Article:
Residents of Parkchester and the surrounding communities are fed up with commuting headaches stemming from te discontinuance of on the Bx14 bus.
The bus, which alongdown Parkchester’s busy Metropolitan Avenue, was a vital link from Hugh Grant Circle on the housing complex’s southern border to East Tremont Avenue and communities to the east. Some commuters now have to take cabs to catch the IRT #6 train, costing them five dollars or more. Vendors have lost sales along the route. Seniors cannot leave Parkchester for things like physical therapy, shopping, and their favorite senior center.
On Friday, August 20, Assemblyman Peter Rivera joined the community and political leaders, the Transport Workers Union, residents and seniors to call on the MTA to reinstate the Bx14 bus route immediately. The rally was held across the street from Hugh Grant Circle in Parkchester.
“To cut a bus line that is a hub of Parkchester, and will displace thousands of commuters, is unconscionable; particularly when the MTA has exhibited a history of fiscal irresponsibility and mismanagement,” Rivera stated. “In this vein, it is a cut that is unconscionable.”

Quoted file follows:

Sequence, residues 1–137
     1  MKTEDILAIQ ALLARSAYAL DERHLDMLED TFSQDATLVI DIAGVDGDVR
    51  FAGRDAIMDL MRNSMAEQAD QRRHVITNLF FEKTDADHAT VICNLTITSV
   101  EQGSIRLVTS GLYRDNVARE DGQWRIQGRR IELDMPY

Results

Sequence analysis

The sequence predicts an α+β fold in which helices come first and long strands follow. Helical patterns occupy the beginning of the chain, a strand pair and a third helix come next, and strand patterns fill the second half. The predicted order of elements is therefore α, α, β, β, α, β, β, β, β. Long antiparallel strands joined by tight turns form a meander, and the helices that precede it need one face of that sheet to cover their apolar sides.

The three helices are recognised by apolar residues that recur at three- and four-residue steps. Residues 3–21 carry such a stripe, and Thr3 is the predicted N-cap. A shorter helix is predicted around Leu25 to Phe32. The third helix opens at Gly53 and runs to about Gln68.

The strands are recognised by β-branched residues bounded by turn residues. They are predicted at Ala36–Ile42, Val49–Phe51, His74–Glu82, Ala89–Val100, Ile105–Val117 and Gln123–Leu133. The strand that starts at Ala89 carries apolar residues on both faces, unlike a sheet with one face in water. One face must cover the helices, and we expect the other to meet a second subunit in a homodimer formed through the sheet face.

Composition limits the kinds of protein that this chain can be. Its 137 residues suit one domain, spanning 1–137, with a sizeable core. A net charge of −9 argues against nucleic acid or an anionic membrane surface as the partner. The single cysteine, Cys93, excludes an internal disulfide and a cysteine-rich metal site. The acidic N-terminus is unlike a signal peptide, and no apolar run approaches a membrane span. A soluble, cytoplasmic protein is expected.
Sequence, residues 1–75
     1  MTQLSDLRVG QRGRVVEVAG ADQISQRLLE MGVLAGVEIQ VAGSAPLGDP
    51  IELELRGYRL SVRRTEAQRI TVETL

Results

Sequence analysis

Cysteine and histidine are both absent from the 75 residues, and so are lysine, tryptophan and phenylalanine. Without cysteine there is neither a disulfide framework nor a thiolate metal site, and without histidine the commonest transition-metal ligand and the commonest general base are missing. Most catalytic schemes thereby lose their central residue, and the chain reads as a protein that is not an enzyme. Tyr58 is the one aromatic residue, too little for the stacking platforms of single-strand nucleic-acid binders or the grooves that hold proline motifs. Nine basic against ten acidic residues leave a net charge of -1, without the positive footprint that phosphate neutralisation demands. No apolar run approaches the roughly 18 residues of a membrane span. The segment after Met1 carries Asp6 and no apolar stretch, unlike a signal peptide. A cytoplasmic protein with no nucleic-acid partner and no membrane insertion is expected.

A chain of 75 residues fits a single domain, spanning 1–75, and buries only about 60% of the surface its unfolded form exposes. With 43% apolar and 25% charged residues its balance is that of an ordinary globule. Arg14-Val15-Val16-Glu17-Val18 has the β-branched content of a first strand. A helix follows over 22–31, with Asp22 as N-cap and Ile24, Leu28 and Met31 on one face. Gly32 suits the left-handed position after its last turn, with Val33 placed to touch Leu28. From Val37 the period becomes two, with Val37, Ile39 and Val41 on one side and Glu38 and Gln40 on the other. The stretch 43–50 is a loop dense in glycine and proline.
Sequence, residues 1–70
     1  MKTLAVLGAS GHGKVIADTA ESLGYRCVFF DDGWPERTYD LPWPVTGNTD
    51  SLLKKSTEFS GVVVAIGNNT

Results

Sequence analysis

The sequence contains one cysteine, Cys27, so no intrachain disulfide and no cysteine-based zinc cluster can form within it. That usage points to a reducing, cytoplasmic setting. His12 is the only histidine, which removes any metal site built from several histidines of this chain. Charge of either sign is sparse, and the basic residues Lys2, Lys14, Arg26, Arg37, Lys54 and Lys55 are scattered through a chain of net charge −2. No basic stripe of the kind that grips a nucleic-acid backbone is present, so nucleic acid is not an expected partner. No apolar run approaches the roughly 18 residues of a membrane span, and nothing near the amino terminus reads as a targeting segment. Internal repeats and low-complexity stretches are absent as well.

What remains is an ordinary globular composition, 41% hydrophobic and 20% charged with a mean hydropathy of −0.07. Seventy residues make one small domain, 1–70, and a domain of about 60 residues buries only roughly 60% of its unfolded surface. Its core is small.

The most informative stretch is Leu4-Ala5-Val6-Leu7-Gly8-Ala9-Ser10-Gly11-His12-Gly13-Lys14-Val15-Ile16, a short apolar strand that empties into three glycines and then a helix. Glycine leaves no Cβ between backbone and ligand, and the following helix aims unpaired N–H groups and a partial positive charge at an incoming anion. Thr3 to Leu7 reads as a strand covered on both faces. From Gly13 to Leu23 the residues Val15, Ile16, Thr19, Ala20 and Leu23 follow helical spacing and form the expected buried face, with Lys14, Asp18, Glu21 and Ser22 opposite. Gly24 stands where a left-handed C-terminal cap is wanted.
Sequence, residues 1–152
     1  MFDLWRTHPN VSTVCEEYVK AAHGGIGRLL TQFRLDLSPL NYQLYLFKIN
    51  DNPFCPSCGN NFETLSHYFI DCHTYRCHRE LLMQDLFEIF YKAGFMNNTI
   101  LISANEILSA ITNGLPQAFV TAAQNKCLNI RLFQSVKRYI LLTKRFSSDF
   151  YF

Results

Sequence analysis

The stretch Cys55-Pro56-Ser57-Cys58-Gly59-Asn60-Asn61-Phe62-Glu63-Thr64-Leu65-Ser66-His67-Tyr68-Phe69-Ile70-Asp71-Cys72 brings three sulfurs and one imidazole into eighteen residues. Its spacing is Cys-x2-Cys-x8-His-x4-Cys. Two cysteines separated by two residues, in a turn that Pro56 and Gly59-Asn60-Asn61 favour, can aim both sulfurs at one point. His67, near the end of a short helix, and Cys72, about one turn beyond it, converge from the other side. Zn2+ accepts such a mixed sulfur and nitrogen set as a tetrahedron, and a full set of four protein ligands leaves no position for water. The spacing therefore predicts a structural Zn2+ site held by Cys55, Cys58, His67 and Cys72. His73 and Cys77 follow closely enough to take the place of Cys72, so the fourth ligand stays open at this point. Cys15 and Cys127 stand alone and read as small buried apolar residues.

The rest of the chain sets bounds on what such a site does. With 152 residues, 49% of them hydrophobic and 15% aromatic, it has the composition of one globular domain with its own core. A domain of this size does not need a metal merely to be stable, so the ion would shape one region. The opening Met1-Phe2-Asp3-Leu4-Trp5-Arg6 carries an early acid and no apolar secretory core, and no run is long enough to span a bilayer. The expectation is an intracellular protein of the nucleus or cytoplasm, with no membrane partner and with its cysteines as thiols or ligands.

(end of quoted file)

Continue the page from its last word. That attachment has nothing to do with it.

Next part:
Rivera, who has written to MTA chairman Jay Walder, noted that according to some estimates Parkchester has seen growth of upwards of 50% in the past decade. He said the MTA needs to take this into consideration when making transportation decisions. He also said special needs populations like senior citizens or the disabled are being ignored.
“I used to come to shop at Metropolitan Avenue and Hugh Grant Circle but live on the other side of Parkchester, and the Bx14 was my ride,” said Fernando Alomar, a disabled veteran. “I also used take the bus to Pelham Bay Station to run errands. I now have to take three busses, and my budget is very limited.”
Alomar also said that students, including college students at S.U.N.Y. Maritime, have to deal with longer commutes and more transfers. Merchants are concerned about lost sales.
“Ever since the bus route has been discontinued, I estimate we are loosing between $500 and $700 every day on breakfast alone,” said Ralph Ledesma, general manager of Foodilicious at 1316 Metropolitan Avenue. “I don’t understand why they took the bus away. All of the businesses on the block are losing money.”
TWU secretary and treasurer Israel Rivera, who had worked as a bus driver on routes near Parkchester, said that the MTA was cutting services from a community that could not afford it.
United Coalition Association president and State Committeeman Ronald Savage and 76th Assembly District leader Kenneth Padilla also spoke of Parkchester’s challenges and the need to rise above them, starting with restoration of Bx14 service. Also present was Luis Sepulveda, Rivera’s challenger in the Democratic primary.